Beer consumption easily tops wine as the most popular global alcoholic beverage.
Quartz had this wonderful “beer indicator” showing how long people had to work to buy a .5 L draught domestic beer in a bar or restaurant. While their data is from 2011, still it gives us a pretty good idea of where beer was relatively expensive.
At 15 hours, a worker in Georgia paid somewhat close to one half of a 40-hour workweek:
Then, with Algeria and Tunisia, it became much less costly:
From here, let’s move to the big picture.
Global Beer Consumption
The ups and downs of beer consumption depend on where you live. In traditional European beer drinking countries like Germany, Belgium, and the U.K., beer drinking is declining. As for Europe’s bigger beer drinkers, the Czech Republic and the Irish rank near the top. Meanwhile, the U.S. and Australia are among the non-European countries for the highest beer consumption.
For a summary from 2014, do take a look below:
Then, for some history, we can start in 1960:
Meanwhile, increasing income and globalization are two reasons for the spread of darker blues.
Researchers also tell us that Russians were replacing vodka with beer while in Spain and Italy too, beer drinking has been climbing.
Our Bottom Line: Determinants of Demand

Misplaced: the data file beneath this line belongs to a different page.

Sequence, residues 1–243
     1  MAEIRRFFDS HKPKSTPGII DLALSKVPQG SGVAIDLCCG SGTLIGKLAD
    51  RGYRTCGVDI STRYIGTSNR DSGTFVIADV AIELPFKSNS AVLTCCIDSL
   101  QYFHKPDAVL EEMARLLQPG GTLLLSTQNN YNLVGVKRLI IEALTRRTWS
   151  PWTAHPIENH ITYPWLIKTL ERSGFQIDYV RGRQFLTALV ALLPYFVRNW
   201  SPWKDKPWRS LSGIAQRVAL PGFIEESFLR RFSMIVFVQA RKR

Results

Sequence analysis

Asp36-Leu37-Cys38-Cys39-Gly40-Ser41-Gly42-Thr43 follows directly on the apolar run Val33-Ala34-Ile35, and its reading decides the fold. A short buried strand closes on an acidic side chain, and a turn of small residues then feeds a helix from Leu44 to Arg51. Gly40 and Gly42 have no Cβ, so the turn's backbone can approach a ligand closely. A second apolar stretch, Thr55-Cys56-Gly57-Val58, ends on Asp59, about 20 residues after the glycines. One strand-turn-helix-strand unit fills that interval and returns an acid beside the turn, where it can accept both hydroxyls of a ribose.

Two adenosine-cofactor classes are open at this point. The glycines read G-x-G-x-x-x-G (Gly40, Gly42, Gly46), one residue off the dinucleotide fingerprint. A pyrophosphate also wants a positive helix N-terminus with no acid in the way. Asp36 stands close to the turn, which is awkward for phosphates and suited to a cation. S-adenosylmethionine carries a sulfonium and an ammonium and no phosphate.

As economists we can look at the determinants of demand to explain the changes in beer consumption. Defined as the reasons that an entire demand curve increases or decreases, beer’s non-price demand determinants include income, globalization, substitutes and complements, product characteristics, and taxes.
As a demand determinant, income is especially interesting. Imagine an inverted U. As income goes up in a developing nation, beer intake rises, perhaps (according to one paper) at per capita annual income of $22,000. Then though, as affluence increases, maybe at $26,500, people can afford pricier liquor. The switch though can also occur in a high income economy. In the U.K., a recent YouGov poll indicated that cheaper wine has been replacing beer.
Below you can see how beer demand changed in eight countries since 1960. As the red line at the top, Australia has the most drastic drop:
My sources and more: This (gated) FT article about wine enticed me. Then, this Economist article and Quartz added to the economic picture of beer. For an academic perspective, these papers had the data, here and here. Finally, you might have some fun as did I with Our World in Data.
Please note that in a future econlife we will do an update with pandemic alcohol consumption.